Bonnie L. Firestein, Ph.D.
Professor of Cell Biology and Neuroscience and Principal Investigator
Dr. Firestein earned her Ph.D. in Neuroscience from the University of California, San Diego under the guidance of Paul A. Insel, M.D. She performed her postdoctoral work at the University of California, San Francisco with David S. Bredt, M.D., Ph.D. and established her independent laboratory at Rutgers University in 2000. She was primary advisor to 7 Masters students, 18 Ph.D. students, 14 Postdoctoral Associates, and over 60 undergraduate students. All of her trainees have successful careers in academia, industry, and the medical profession. Her research interests are neurodevelopment, traumatic brain injury, spinal cord injury, schizophrenia. She is an avid Crossfitter and beagle lover. To learn more about her research, you can view her publications here.
Vaidehi is a PhD student in the Biomedical Engineering Graduate Program. She earned her B.S. degree in Chemical Engineering from Purdue University. As an undergraduate student, she worked in the Won Research Group where she studied polymer gene delivery. She also worked as part of the Low Research Group to target parathyroid hormone for accelerated bone fracture repair. Vaidehi’s interests are focused on mechanisms underlying traumatic brain injury. Specifically, she is developing biomaterials to deliver uric acid to the injured brain in a sustained manner.
Marina is a Ph.D. student in the Molecular Biosciences (Cell and Developmental Biology track) Graduate Program. She earned her B.S. in Biological Sciences, B.Ed. in Science Teaching, and M.Sc. in Pharmacology from the University of Sao Paulo, Sao Paulo, Brazil. She is the recipient of a Coordination for the Improvement of Higher Education Personnel (CAPES) Predoctoral Fellowship. Her thesis project focuses on the role of αKlotho in neuronal survival and circuit recovery following traumatic brain injury.
Christen is a Ph.D. student in the Neurosciences Graduate Program. She earned her B.S. in Neural Science with minors in American Sign Language and Psychology from New York University. After graduating, she worked as a Research Technician in the Carew Lab and as a Laboratory Manager in the Suzuki Lab at NYU. Prior to entering the Ph.D. program, Christen worked as a Chemical Laboratory Technician at BASF Corporation. She was awarded a position on the Rutgers NIH Biotechnology Training grant. Her thesis project focuses on biomarkers and sex-specific effects of antipsychotics in patients with schizophrenia.
Srinivasa is a Ph.D. student in the Molecular Biosciences (Cell and Developmental Biology track) Graduate Program. He earned a B.S. in Pharmaceutical Sciences from Jawaharlal Nehru Technological University, India and an M.S. in Pharmacology/ Toxicology from Long Island University. Prior to enrolling in the Ph.D. program, Srinivasa was a Research Technician in the Chiosis laboratory at Memorial Sloan Kettering Cancer Center. Srinivasa is a recipient of a Molecular Biosciences Excellence Award and Excellence Fellowship and subsequently was awarded a New Jersey Commission on Brain Injury Research Predoctoral Fellowship. His thesis project focuses on understanding the proteasome-mediated degradation pathway in neurons and how this pathway is influenced by cypin (cytosolic PSD-95 interactor).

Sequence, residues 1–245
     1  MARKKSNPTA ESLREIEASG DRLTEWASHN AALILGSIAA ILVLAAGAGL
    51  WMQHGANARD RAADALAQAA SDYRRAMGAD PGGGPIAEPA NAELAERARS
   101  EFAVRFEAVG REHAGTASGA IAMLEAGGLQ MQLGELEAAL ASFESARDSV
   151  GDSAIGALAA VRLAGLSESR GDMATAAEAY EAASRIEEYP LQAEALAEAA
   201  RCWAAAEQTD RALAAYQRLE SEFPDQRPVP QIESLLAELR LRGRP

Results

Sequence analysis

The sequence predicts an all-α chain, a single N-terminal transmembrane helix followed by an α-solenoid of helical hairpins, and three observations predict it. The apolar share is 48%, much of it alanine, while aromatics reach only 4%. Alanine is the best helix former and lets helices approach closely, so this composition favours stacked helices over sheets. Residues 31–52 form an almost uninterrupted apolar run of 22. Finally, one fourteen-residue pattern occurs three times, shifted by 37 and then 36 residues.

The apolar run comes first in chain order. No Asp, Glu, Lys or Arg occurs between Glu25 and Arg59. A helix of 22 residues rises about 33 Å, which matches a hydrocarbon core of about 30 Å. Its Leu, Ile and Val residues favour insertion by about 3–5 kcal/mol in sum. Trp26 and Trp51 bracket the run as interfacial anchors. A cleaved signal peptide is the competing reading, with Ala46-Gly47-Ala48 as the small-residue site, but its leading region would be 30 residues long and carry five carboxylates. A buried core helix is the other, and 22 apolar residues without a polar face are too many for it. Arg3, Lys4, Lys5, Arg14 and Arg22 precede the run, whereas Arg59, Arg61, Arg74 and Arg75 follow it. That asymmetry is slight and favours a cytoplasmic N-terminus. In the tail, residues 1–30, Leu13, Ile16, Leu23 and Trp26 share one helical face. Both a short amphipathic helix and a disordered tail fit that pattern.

Keith is a Ph.D. student in the Molecular Biosciences (Biochemistry track) Graduate Program. He earned a B.S. in Biochemistry from Montclair State University. After graduation, he worked with Dr. Carlos Molina at Montclair State as a technician and worked on crystallization of WbDHFR. He has experience studying Inducible cAMP Early Repressor proteasomal degradation, DNA binding, and reintegration into melanoma cells and in p53 deficient zebrafish. He is using both in silico modeling techniques and biochemistry to study the binding of activators and inhibitors of cypin. His work includes rational drug design.
Nisha is a Ph.D. student in the Molecular Biosciences (Cell and Developmental Biology track) Graduate Program. She earned a B.S. in Molecular Biology from Lehigh University. As an undergraduate student, she worked in the laboratories of Drs. Todd Strochlic (Drexel University College of Medicine) and Michael Layden (Lehigh University). Nisha was awarded a position on the Rutgers NIH Biotechnology Training grant and subsequently was awarded a New Jersey Commission on Spinal Cord Research Predoctoral Fellowship to perform her thesis work. Her work focuses on the identification of cypin modulators as treatment for spinal cord injury.
Dylan is a Ph.D. student in the Cell and Developmental Biology Program. He earned a B.A. in Psychology from Rutgers University. As an undergraduate student, he worked with Gary Aston-Jones and Kasia Bieszczad to write custom MATLAB scripts to analyze electrophysiological data to reveal long-term drug-dependent plasticity that may alter sensory experience at the brainstem level. Dylan is working to understand how injury and disease alter neural networks and how localized changes to signaling molecules as dendrites develop. He will use advanced imaging techniques, including FRET and FLIM.
Brandon is a PhD student in the Biomedical Engineering Graduate Program. He earned his B.S. and M.S. degrees in Biomedical Engineering at SUNY-Binghampton. As an undergraduate student in Dr. Koh’s lab, Brandon focused on creating an electrochemical method to improve the performance of printed carbon electrodes. As an M.S. student, Brandon designed an on-body iontophoretic glucose biosensor. His work included using use AutoCAD to create his own biosensor design. Brandon is interested in neural engineering and will use MEA technology to understand how neural circuits are shaped and can be repaired after injury.
Madeleine Fenner (Reed College student)